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Hallway Feeds' Support for Racing Aftercare

Hallway Feeds' Support for Racing Aftercare

By: Jay Privman

Over the years, the family-owned Hallway Feeds had donated to several organizations that in are in the Thoroughbred aftercare space, but in recent years the company has stepped up its involvement via Thoroughbred Aftercare Alliance, most notably including prominent sponsorship at the Preakness Stakes festival at Pimlico in May.

Hallway sponsored a stake on Black-Eyed Susan Day, sponsored awards for best turned-out runners in each race, had its logo on the jackets worn by outriders, and had signage throughout the facility. Sure, it was a great way to promote the popular company. It also had the satisfying benefit of helping a cause that Lee Hall believes the entire sport needs to get behind.

“We feel like people are going to say, ‘If the feed guy is doing that, maybe we should, too,’” said Hall, the vice-president of Hallway Feeds, which is based in Lexington, Kentucky. “We all have an obligation in this area.”

Hall, a fifth-generation farmer, said Hallway’s increased activity started at the prompting of long-time client Craig Bandoroff of Denali Stud. A subsequent meeting with Thoroughbred Aftercare Alliance board members, including president Jeffrey Bloom, resulted in the type of sponsorship on display at the Preakness.

“Aftercare has become a far more prominent issue the past 10 years,” Hall said. “Thoroughbred Aftercare Alliance qualifies facilities, sets standards. It’s better than giving a little here, there, and yon. They set the standards.”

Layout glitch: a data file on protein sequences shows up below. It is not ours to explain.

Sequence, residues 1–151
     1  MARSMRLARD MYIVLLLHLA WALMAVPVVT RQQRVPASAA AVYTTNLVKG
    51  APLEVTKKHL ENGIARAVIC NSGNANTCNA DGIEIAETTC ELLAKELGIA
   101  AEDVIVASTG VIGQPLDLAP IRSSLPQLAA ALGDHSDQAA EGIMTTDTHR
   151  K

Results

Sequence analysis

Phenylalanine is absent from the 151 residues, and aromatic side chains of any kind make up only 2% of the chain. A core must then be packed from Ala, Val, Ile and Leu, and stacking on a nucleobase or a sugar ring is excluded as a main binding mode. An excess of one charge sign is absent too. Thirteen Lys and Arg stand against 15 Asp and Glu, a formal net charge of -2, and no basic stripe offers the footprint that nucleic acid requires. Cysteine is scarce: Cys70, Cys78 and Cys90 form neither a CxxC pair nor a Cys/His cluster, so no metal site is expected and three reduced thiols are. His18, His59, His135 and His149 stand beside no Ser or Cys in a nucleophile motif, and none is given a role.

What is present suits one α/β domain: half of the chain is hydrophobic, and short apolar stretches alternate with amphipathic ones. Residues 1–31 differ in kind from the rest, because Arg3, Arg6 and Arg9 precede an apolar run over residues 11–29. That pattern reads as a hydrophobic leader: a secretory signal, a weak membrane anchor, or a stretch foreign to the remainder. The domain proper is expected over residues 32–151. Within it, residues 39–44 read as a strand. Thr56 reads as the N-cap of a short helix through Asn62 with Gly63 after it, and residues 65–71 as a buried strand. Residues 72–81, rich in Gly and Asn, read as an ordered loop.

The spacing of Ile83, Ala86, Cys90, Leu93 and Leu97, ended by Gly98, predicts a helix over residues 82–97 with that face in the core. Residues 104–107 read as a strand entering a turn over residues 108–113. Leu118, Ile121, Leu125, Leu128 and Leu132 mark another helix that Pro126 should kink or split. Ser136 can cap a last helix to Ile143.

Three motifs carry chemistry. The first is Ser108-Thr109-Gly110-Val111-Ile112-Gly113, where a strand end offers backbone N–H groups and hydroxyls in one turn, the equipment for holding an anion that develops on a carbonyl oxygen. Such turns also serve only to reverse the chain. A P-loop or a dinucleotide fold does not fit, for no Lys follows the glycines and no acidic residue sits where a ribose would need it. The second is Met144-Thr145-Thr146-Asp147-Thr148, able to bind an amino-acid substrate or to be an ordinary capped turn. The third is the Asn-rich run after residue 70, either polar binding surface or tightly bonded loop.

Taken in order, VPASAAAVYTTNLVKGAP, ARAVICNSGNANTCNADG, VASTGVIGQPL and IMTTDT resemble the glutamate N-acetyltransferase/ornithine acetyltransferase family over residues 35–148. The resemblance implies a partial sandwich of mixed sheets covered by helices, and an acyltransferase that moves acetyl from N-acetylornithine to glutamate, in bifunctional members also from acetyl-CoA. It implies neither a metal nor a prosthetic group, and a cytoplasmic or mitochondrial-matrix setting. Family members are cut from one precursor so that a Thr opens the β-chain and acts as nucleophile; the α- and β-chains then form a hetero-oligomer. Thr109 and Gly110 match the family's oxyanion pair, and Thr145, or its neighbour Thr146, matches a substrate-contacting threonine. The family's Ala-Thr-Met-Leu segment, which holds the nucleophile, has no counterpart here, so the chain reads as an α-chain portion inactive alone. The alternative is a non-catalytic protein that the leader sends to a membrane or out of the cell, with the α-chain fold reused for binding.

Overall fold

But as much as Thoroughbred Aftercare Alliance does, Hall realizes that the funding for all aftercare needs in the Thoroughbred world are still insufficient.

“Raising money for these things is difficult. Often it’s the same people giving,” he said.

To that end, Hall would love to see racing adopt a mandated, across-the-board funding mechanism. He said the Beef Checkoff Funds, established in 1985 by the Cattlemen’s Beef Promotion and Research Board, offers a template. It has been a raging success. In the 2022-23 fiscal year, ending last September, it raised nearly $43 million, according to the organizations financial statements. The pork industry has a similar checkoff fund.

“There’s a fee of $1 the seller contributes every time there’s a sale,” Hall said of the Cattlemen’s Fund. “When sold as a calf, $1. Sold to the feedlot, $1. Harvested, $1. Each time that animal is sold.

“We need sustainable funding in the horse industry for aftercare. You just can’t keep going back to the same people over and over.”

The price per sale at all auctions would need to be adjusted to reflect the funding required for aftercare. And private sales would have to be addressed. But the framework is there, and Hall believes running it through Thoroughbred Aftercare Alliance would allow aftercare to scale up to the level needed.

“The model is there for sustainable funding,” he said.

In the meantime, Hall said Hallway Feeds will do whatever it can to support aftercare.

“We can’t do business as usual,” Hall said. “We have to show that we are taking care of these animals differently than in the past. We as an industry have to support these kinds of things.

“We are very blessed being able to sell to the racing industry. We feel the need to give back. It’s the culture of our business.”

Learn more about Thoroughbred Aftercare Alliance’s supporters:

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